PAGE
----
Appellate Advocacy Blog

Editor: Tessa L. Dysart
The University of Arizona
James E. Rogers College of Law

Tuesday, April 14, 2020

Mandamus and the Need for Speedy Clarity

Mandamus is, and should be, a rare remedy. Over my years of practice I have filed mandamus less than twenty times in state or federal courts. Yet I have done so three times, and almost a fourth, in just the last six months. As a result, I have had a chance to ponder the unique nature of this remedy and want to offer a few tips if you find yourself having to file this unique "appeal."

In federal court, the All Writs Act (28 U.S.C. § 1651(a)) grants federal appellate courts the power to issue writs of mandamus. Mandamus is intended to be an extraordinary remedy, used only in exceptional circumstances that arise from emergencies or issues of national importance.  LaBuy v. Howes Leather Co., 352 U.S. 249 (1957). If there is any other remedy by appeal or award (such as a money judgment for damages) the remedy is not proper.Most state courts have similar jurisdiction and follow the same general rules.

The error challenged must also generally be "clear." This means, in most cases, that only ministerial duties can be challenged. If there is even a hint of discretion in performing the challenged act, mandamus will likely be denied.

In general, the suit is filed against the officer that abused their discretion. You are thus essentially "suing" the judge, clerk, or other official that clearly violated their duty.

Mandamus must also generally be filed quickly. While there is no deadline in most cases, there is a form of laches applied to mandamus by most courts. And mandamus is often used in situations where an injunction or other order has gone into effect or will go into effect in hours or days.

Mandamus thus offers a unique drafting challenge. You must act quickly. In some cases, within hours of the challenged action (or inaction). Yet you must show that the error is clear, and that there is no other remedy than mandamus. And you must provide all of the record information necessary to support the arguments raised, often without benefit of an official record.

This flies in the face of the usual appellate-lawyer temperament. We are, by and large, a careful and deliberate crowd. Mandamus requires us to shoot from the hip, but still hit the target squarely.

To do so, you must be ruthlessly clean and simple in your analysis. String cites, deep-dive  analysis, and policy arguments must often be discarded in order to cut to the point. And subsidiary arguments are often discarded in favor of a clean main point.

To make sure that my point is cleanly delivered, I try to focus in on a clean statement of the issue and on headers that deliver the entire argument in themselves. I know that the court is likely to start with the table of contents, so I want that table of contents to deliver the argument well. If there is a subsidiary issue that is not addressed in the headers, it should be cut or relegated to the footnotes.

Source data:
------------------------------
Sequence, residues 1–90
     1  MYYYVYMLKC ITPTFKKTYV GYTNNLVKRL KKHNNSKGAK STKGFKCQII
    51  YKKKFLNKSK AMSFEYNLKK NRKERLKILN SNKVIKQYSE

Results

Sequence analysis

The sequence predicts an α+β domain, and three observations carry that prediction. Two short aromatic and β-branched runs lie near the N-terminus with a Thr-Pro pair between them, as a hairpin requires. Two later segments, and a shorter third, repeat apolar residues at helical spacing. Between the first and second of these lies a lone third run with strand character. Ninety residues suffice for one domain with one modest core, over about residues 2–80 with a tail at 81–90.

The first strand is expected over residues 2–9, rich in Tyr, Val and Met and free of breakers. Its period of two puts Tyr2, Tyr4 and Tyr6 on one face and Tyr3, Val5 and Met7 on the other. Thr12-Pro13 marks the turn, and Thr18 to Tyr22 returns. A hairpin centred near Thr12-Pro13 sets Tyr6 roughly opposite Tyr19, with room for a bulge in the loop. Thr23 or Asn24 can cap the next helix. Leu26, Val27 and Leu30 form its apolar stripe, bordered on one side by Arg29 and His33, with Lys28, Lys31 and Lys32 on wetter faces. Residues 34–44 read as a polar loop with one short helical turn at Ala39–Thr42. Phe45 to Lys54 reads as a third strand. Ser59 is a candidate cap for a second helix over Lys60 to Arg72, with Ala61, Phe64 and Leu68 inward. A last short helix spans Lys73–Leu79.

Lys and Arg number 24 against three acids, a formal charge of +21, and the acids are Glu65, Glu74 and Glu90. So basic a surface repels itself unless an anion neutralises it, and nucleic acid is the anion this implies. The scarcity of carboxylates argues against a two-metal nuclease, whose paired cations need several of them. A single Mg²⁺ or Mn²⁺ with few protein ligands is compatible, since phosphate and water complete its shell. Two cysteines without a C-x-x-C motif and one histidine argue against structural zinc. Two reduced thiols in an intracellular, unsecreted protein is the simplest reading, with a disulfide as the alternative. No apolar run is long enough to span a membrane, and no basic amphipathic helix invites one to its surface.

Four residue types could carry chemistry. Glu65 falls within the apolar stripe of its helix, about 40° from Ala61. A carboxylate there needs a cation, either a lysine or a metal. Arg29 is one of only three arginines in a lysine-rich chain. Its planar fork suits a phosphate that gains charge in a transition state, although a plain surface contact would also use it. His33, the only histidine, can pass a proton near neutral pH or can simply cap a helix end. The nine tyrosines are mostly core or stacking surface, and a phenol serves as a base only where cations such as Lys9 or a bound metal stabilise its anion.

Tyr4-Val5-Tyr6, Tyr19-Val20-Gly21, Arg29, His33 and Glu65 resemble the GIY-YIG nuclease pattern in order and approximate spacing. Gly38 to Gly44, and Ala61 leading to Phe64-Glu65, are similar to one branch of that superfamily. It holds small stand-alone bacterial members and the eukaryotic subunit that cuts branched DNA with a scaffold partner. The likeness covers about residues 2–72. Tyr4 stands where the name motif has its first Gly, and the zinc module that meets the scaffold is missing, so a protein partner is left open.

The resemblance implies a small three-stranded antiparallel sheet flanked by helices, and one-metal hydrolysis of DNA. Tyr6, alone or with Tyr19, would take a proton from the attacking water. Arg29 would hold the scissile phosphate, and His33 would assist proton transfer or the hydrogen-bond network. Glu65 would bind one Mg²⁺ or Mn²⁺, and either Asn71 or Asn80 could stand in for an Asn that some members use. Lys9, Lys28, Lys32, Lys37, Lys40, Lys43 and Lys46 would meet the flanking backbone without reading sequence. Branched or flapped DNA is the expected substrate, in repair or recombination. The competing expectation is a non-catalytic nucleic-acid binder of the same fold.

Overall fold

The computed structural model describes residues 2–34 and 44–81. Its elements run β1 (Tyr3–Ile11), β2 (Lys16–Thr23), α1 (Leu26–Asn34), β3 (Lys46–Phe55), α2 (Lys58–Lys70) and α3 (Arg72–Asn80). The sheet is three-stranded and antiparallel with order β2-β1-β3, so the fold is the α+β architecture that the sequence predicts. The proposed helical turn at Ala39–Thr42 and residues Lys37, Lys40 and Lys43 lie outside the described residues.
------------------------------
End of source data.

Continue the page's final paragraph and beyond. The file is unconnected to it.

Every necessary point is also made explicit. I do not leave to chance that any part of my burden for mandamus will be rejected. So the lack of adequate alternative remedies is a header. So is the timeliness of the challenge. And the error is explained with subheaders parsing out each step of the analysis.

If I am seeking emergency relief in addition to the mandamus that requires immediate action by the court, I state this explicitly in the mandamus, near the beginning. I then file the motion for emergency relief with the mandamus, if at all possible, so that the court has full briefing on why the emergency relief is necessary.

Finally, and this is the most challenging part for me, I try to stop editing when the mandamus is "good enough." Because of sharp time constraints, a few maxims should be kept in mind:

  • Voltaire: “The best is the enemy of the good.”
  • Confucius: "Better a diamond with a flaw than a pebble without."
  • Shakespeare: “Striving to better, oft we mar what's well.”

You must edit and clarify with great care. But you also must know when to quit. In a mandamus, this may mean that you only have a few drafts before you must file.

This is the hardest part of a mandamus. You are already somewhat uncomfortable with the idea that you are filing an "extraordinary writ" with so few rules and procedures to guide you. You are probably uncomfortable with the idea of "suing" a judge you may be appearing before again (although you are always carefully challenging the ruling, not the officer). And now, in doing so, you must act quickly and without the comfort of repetitive drafting over time.

But that is the challenge of mandamus. Quick, accurate, and simplified arguments are key. In learning to do so, you may learn to apply those principles to the rest of your work.

 

 

https://lawprofessors.typepad.com/appellate_advocacy/2020/04/mandamus-and-the-need-for-speedy-clarity.html

Appellate Practice, Federal Appeals Courts, Legal Writing, State Appeals Courts | Permalink

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